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Arabic language
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Arabic language

The expressions Arabic and Classical Arabic usually refer to al-luġatu-l-ʿarabīyatu-l-fuṣḥā (Literally: the pure Arabic language - اللغة العربية؛الفصحى ) which is, according to Arabic speakers, both the language of present-day media across North Africa and the Middle East (from Morocco to Iraq) and the language of the Qur'an. The expression media includes not only television, radio, newspapers and magazines, but also all written matter, including all books, documents of every kind, and reading primers for small children.

The term Modern Standard Arabic is sometimes used in the West to refer to the language of the media as opposed to the language of "classical" Arabic literature; Arabs make no such distinction, and regard the two as identical. The word "Arabic" also refers to the many national or regional dialects/languages derived from Classical Arabic, spoken daily across North Africa and the Middle East, which sometimes differ enough to be mutually incomprehensible. These dialects are not frequently written, although a certain amount of literature (particularly plays and poetry) exists in many of them, notably Lebanon and Egypt.

It is sometimes difficult to translate Islamic concepts, and concepts specific to Arab culture, without using the original Arabic terminology. The Qur'an is expressed in Arabic and traditionally Muslims deem it impossible to translate in a way that would adequately reflect its exact meaning - indeed, until recently, some schools of thought maintained that it should not be translated at all. A list of Islamic terms in Arabic covers those terms which are too specific to translate in one phrase. While Arabic is strongly associated with Islam (and is the language of salat), it is also spoken by Arab Christians, Oriental Jews, and indeed Iraqi Mandaeans; and, of course, the vast majority of the world's Muslims do not actually speak it; they only know some fixed phrases of Arabic, as used in Islamic prayer.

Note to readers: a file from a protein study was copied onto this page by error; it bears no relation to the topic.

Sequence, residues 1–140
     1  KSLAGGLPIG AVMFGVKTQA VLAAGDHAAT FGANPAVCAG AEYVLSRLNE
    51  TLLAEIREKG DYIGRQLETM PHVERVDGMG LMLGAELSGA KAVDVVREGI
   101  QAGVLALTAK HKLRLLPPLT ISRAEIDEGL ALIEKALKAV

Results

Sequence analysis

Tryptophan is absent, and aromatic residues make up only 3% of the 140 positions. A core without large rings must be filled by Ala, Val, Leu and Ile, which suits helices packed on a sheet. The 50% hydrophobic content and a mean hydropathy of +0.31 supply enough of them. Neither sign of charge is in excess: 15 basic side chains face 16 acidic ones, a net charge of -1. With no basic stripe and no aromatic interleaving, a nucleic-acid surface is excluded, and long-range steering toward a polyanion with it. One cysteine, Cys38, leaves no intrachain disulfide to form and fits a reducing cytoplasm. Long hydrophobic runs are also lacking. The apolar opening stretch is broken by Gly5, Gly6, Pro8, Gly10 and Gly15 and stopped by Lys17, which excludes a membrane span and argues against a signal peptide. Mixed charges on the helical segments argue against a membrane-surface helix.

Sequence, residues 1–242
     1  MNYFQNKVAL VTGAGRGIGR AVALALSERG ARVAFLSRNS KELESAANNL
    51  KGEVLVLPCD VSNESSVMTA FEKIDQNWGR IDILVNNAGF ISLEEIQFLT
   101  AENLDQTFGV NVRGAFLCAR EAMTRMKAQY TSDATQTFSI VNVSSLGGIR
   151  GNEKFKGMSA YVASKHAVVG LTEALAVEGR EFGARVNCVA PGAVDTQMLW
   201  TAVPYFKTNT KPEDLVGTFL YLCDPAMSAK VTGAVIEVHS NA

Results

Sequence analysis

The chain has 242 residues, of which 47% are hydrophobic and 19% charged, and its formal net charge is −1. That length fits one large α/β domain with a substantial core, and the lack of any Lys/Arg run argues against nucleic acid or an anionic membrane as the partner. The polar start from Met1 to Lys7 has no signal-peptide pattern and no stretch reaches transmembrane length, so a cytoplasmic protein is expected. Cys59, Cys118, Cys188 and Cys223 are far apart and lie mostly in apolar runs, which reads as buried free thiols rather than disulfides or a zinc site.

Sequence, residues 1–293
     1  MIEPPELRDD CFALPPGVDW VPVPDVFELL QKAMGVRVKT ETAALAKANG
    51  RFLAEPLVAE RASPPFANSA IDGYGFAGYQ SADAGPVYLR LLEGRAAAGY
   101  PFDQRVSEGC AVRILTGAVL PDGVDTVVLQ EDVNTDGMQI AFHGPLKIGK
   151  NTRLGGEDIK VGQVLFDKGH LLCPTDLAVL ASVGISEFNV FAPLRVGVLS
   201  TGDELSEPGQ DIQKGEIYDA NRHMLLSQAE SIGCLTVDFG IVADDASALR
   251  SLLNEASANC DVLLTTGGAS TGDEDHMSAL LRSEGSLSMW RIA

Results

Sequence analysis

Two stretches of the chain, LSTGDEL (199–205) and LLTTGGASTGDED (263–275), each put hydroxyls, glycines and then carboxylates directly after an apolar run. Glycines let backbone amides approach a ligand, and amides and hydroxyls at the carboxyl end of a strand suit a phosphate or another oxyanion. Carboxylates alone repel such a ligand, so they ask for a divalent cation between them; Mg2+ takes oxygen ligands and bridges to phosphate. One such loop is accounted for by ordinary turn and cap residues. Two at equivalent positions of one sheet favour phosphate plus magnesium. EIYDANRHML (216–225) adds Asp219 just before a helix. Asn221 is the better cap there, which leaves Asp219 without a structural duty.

The English word algorithm is derived from the name of the inventor of algebra - an Arabic word like alchemy, alcohol, azimuth, nadir, and zenith. See a List of English words of Arabic origin. Arabic numerals are what we use in English - but, except in some North African countries, modern Arabs generally use what they call "Hindi numerals". Spanish is the European language with the most borrowings from Arabic.

Arabic is a Semitic language, fairly closely related to, for instance, the Hebrew language and the Aramaic language. Many dialects are spoken in modern Arabic states such as Egypt, Lebanon, and Morocco, but all of these countries use Modern Standard Arabic for printed media. Its function however is different from that of Western standard languages: it is used for practically all writing, but is spoken only on formal or academic occasions. Consequently, prestigious vernacular varieties (especially Egyptian Arabic) fulfill some of the functions that standard languages have in Western countries (see Chambers, Sociolinguistic Theory).

Table of contents
1 Dialects
2 Alphabet
3 Phonology
4 Grammar
5 Calligraphy
6 See also
7 External links

Dialects

See Varieties of Arabic for a fuller overview.

"Colloquial Arabic" is a collective term for the spoken languages or dialects of people throughout the Arab world, which, as mentioned, differ radically from the literary language. The main dialectal division is between the Maghreb dialects and those of the Middle East, followed by that between sedentary dialects and the much more conservative Bedouin dialects. Maltese, though descended from Arabic, is considered a separate language. Speakers of some of these dialects are unable to converse with speakers of another dialect of Arabic; in particular, while Middle Easterners can generally understand one another, they often have trouble understanding North Africans (although the converse is not true, due to the popularity of Middle Eastern films and other media.)